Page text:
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Truth-twisting weather reporter alarms Midwest
A weather-savvy prankster's hoax has created a whirlwind at the National Weather Service.
An unidentified person has made a habit of sending sham severe weather reports to the group's Web site, which authorities say have caused unnecessary weather alerts.
The areas affected include Chicago, Lincoln, Ill. and parts of Wisconsin, said Tom Schwein, chief of the National Weather Service's systems and facilities division for the central region in Kansas City, Mo.
It was an April 25 online report of a tornado causing destruction and injuries in Blue Mound, Ill., that raised suspicions. Severe weather was already in the area, but the county's Emergency Management Agency issued a tornado warning based on the spotter observations, according to news reports.
People took cover and a local news station interrupted its broadcasting for three hours, Mr. Schwein said. Then other trained weather spotters in the area said they didn't see any damage as reported online.
The online accounts appeared believable since they were sent about areas that actually had severe weather, Mr. Schwein said. Their times and locations matched with what weather officials saw on their satellite and radar data. Weather-tracking radar is available to the public online.
"This person has some enhanced knowledge of meteorology," he said. "That's the only thing we glean from the reports."
Since April, the person has submitted between 40 and 50 false reports to NWS, according to Mr. Schwein.
The motivation remains unknown--for now. An FBI investigation has found the Internet service protocol address of the computer used and has subpoenaed records to identify the imposter weather reporter. Giving false statements is a federal crime and carries a maximum penalty of five years in prison and a $250,000 fine.
Science stunt sparks claim from shocked teacher
A light bulb held in a Connecticut middle-school teacher's hand lit up when 50,000 volts of electricity generated by a Tesla coil shot through her body.
But the science exhibit gone awry didn't spark the sympathy of a workers compensation review board.
Teacher Kathleen Freel claimed she suffered work-related injuries during an October 2002 "Magic of Science" exhibit requiring her to sit on a Tesla coil with the light bulb in hand while electricity passed through her for several minutes.
Tesla coils, invented by Nikola Tesla in 1891, boost electricity to an extremely high voltage. Enthusiasts craft the alternating current devices for the lightning bolt-like electrical discharges that shoot from them.
Following the science exhibit at the West Haven, Conn., school, the teacher sought medical attention for chest spasms, head pain, hoarseness and aggravation of a pre-existing cervical spine injury, among other problems.
A trial commissioner agreed she suffered a compensable injury, but ruled the claimant's cervical spine problems did not result from the science exhibit and rejected unauthorized out-of-state treatment costs.
Connecticut's Workers' Compensation Commission this month upheld the ruling on the teacher's spine, but sent the case back for reconsideration of authorizing the out-of-state treatment.
Newspaper seeks to kick judge off its case
In a twist on the biblical admonition, "Judge not, lest ye be judged," the Illinois Supreme Court finds itself the target of a suit involving a libel award won by its chief justice.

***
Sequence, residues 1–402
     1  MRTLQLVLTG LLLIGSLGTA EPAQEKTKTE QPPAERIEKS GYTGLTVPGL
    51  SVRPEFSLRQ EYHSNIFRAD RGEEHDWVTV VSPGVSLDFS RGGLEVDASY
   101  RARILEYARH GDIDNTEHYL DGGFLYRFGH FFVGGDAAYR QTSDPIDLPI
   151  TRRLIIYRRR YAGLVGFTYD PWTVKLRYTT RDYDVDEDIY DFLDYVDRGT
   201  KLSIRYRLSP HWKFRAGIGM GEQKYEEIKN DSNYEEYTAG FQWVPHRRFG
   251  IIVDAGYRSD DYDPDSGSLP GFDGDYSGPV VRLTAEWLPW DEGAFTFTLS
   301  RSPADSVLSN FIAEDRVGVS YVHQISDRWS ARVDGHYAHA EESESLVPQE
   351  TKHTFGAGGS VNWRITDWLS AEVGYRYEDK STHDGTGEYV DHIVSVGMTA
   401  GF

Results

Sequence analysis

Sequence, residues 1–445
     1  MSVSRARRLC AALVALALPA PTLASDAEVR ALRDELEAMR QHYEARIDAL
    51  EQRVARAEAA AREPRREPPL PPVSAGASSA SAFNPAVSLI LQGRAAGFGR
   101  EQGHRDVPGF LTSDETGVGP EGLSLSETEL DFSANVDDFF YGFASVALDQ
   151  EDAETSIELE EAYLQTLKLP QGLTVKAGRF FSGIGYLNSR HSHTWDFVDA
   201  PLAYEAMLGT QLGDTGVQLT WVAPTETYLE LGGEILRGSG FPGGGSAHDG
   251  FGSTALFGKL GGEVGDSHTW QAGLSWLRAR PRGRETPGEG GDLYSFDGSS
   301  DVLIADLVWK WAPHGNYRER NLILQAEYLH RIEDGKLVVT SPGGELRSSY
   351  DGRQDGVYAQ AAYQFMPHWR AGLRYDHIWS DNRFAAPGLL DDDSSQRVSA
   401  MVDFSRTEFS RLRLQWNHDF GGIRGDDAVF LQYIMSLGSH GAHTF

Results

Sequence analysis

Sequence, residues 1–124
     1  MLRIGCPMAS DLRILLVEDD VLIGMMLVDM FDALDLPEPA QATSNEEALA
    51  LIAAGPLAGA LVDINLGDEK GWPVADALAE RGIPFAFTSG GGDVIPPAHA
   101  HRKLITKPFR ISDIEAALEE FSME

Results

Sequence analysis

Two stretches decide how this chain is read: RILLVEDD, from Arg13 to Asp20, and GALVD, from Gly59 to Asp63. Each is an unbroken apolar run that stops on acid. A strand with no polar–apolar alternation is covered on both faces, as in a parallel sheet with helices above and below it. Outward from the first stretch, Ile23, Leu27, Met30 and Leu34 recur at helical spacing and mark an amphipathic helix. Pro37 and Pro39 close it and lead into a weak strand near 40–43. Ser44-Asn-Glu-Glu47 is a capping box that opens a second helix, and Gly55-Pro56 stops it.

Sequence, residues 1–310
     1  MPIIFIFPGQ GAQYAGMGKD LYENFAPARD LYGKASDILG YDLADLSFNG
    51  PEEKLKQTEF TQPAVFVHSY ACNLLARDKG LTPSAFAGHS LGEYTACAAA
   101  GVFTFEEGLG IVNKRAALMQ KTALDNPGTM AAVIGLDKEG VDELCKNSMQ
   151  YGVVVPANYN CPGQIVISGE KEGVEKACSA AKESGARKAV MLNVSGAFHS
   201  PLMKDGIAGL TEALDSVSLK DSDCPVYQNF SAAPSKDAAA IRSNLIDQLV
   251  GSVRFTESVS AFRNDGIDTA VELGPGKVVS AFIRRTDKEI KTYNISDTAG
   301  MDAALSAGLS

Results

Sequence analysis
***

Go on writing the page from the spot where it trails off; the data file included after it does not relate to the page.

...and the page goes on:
According to the Chicago Tribune, Shaw Suburban Media Group, which owns the Kane County Chronicle, and former columnist Bill Page have sued the entire state Supreme Court in federal court.
The plaintiffs contend their appeal of a $4 million libel award won by Chief Justice Robert R. Thomas cannot receive a fair hearing before the high court because it is led by the man who won the award. They want the matter put off--and no award paid--until Judge Thomas leaves the court, which won't happen until 2010 at the earliest.
The plaintiffs also contend that the rest of the court must recuse itself because Justice Thomas, once a kicker with the Chicago Bears, called some of them as witnesses in his successful suit against the newspaper and Mr. Page.
In a column, Mr. Page accused Justice Thomas of trading votes in a case for political reasons, a charge Judge Thomas denied. The led to the libel suit, which the chief justice won.
Such a suit attempting an end run around the appeals process by suing an appellate court is extremely unusual, perhaps even unprecedented, according to legal experts quoted in the Tribune and other Illinois newspapers.
Gov. Spitzer switches sides in insurance fraud fight
Raising awareness about insurance fraud is now on New York officials' agenda--literally.
Last week, Gov. Eliot Spitzer, New York Mayor Michael Bloomberg and more than 30 mayors and town supervisors around the state declared June 27 as Insurance Fraud Prevention Day.
The New York Alliance Against Insurance Fraud--a trade group with more than 100 insurer members--proposed the observance as part of an education campaign that encourages residents to combat insurance fraud through a toll-free hotline, 1-888-FRAUD NY (1-888-372-8369), and a new interactive Web site, www.fraudny.com.
NAAIF officials cited independent research showing that one-third of U.S. residents believe it's OK to exaggerate claims to make up for deductibles, and 10% would commit insurance fraud if they thought they could get away with it.
"Insurance Fraud Prevention Day provides an excellent platform to create greater recognition of the fraud problem here, urge citizens to learn more about it, and learn how not to become entrapped in an insurance fraud scheme," NYAAIF Chairman Tom Sullivan said in a statement.
The group said experts believe about one in four premium dollars "go toward the effects of fraud."
Contributing: Roberto Ceniceros, Mark A. Hofmann, Beth Murtagh, Rupal Parekh